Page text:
Workers’ Rights & Unions – A Natural in Israel
After the Israel government recently adopted its first budget in three years, not hard to understand the collective sigh of relief. To some, also not surprising that the re-emergence of this symbol of stability is being accompanied by a rash of labor disputes.
The most prominent of these – particularly in view of the ongoing period of crisis – appears to be an extended protest, just resolved, by the medical interns’ organization over the length of their shifts. Another recent labor dispute, by daycare workers, was recently settled. A flare-up at the Ministry of Foreign Affairs has also drawn recent attention.
At the heart of this activity is Israel’s broad and long-held belief that workers have rights widely accepted and anchored in law – and that these must be protected.
We’ve already written extensively in this blog about government officials who act as internal – and external – whistle blowers to secure these rights; we’ve also referenced civil society bodies performing a similar function. But especially when it comes to workers’ rights in the country, no examination would even scratch the surface without mentioning the legendary “Histadrut,” the General Federation of Labor in Israel.
Established back in 1920 – 28 years before the State’s founding – the country’s oldest and largest umbrella labor organization today represents the majority of trade unionists, promoting equality and reducing gaps.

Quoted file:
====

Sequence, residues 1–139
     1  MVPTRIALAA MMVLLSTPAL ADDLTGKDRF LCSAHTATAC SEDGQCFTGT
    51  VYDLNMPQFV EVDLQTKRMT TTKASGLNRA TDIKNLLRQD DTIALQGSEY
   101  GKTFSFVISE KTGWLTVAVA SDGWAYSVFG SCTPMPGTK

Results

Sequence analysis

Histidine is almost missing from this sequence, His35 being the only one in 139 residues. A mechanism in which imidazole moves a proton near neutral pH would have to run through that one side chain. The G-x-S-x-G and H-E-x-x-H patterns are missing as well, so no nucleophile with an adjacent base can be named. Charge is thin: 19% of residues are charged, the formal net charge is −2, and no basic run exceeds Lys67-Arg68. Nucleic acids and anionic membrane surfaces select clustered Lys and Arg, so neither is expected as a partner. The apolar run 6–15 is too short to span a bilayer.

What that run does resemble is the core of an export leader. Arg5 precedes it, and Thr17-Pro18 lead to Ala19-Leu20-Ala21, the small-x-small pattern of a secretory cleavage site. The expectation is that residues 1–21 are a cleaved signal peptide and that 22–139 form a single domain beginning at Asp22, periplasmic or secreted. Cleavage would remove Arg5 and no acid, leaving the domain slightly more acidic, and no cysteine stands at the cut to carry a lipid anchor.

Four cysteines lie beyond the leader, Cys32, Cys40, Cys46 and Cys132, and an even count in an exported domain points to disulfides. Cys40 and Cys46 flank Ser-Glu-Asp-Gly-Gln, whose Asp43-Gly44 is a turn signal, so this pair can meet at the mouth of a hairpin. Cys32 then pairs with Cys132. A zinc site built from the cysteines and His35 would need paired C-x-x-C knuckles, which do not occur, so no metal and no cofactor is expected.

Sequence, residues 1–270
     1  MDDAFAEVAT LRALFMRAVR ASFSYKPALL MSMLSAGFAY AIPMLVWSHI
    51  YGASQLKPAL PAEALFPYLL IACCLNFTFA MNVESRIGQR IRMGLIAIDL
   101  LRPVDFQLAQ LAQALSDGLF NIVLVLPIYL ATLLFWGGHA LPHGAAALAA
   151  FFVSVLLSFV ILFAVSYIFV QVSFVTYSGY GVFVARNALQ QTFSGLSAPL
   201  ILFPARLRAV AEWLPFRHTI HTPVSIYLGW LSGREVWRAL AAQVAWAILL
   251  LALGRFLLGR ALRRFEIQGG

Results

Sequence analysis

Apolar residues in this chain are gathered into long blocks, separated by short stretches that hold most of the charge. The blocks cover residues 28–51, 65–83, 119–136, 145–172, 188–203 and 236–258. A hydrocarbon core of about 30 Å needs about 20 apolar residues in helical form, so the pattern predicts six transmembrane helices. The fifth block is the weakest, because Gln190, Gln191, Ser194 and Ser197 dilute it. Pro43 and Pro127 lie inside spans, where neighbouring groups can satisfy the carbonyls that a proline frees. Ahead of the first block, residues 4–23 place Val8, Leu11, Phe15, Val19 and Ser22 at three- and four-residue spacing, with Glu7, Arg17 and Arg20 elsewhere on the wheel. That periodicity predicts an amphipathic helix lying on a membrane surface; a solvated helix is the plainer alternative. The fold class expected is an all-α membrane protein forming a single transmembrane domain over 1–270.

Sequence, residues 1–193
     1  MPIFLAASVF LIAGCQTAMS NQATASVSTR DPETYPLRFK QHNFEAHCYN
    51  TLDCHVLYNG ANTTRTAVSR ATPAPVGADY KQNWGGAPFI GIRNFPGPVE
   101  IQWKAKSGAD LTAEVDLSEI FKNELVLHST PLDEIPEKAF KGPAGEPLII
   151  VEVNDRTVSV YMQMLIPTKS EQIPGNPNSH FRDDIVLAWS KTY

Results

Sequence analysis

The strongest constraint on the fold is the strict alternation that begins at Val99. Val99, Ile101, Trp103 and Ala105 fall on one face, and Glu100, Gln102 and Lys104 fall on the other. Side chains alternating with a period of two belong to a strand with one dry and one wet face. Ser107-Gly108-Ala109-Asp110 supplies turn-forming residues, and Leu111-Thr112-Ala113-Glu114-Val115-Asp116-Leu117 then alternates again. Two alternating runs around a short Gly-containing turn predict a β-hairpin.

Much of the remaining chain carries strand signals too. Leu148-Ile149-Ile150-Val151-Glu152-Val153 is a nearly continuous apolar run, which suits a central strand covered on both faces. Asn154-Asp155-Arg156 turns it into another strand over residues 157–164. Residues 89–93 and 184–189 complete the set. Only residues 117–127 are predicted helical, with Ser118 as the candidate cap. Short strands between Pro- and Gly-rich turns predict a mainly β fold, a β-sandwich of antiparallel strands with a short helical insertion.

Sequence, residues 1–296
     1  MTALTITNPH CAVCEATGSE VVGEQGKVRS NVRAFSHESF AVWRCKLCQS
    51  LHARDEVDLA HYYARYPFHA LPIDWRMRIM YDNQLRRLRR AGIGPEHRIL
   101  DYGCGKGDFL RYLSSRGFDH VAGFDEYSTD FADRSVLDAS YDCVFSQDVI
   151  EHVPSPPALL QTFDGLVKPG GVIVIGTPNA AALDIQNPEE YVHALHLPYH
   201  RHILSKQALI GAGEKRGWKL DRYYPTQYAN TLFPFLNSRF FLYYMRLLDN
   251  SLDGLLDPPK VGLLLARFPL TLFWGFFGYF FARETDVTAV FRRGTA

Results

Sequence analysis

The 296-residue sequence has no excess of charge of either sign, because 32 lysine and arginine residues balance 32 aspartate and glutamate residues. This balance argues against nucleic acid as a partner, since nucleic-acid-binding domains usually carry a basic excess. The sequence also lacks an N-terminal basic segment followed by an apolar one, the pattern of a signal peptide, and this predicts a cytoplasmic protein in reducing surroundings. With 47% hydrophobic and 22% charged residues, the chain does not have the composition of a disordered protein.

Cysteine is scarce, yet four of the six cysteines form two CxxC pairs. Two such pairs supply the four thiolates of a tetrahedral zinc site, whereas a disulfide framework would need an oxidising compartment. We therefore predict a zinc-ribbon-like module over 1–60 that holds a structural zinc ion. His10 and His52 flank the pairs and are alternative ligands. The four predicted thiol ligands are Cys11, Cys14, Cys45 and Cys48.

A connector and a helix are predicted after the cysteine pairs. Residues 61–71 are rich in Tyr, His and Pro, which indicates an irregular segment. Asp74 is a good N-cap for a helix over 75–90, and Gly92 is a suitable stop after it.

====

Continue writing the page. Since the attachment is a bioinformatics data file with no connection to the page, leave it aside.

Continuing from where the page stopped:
A cursory glance at recent media headlines provides a fairly good idea of the Histadrut’s wide-ranging activities. The organization’s head has been recently quoted as attesting to its involvement in formulation of the new budget, and has also predicted that a new minimum wage monthly salary is imminent. The organization has encouraged vaccinations and measures to fight the pandemic, while at the same time expressing opposition to any legislation that would penalize those who decide not to receive the pandemic vaccine.
The parallels between the Histadrut and its counterparts around the world are easy to identify. Indeed, a senior organization official articulated that similarity quite well in a recent “Jerusalem Post” op-ed:
“On Labor Day, President Joe Biden announced, ‘When unions win, workers across the board win.’ Although Biden outlined the achievements of the US labor movement over history, he could’ve well been drawing the same picture about the Histadrut, The General Federation of Labor in Israel.”
That sounds just about right to us. Israel is lucky to have such robust activity – inside and outside government – to protect workers’ rights, a pillar of reducing inequality (SDG 10).
Reduced Inequalities There are about 830,000 Ultra-Orthodox Jews living in Israel, which comprises about 11% of the total population, and nearly 59% of Ultra-Orthodox families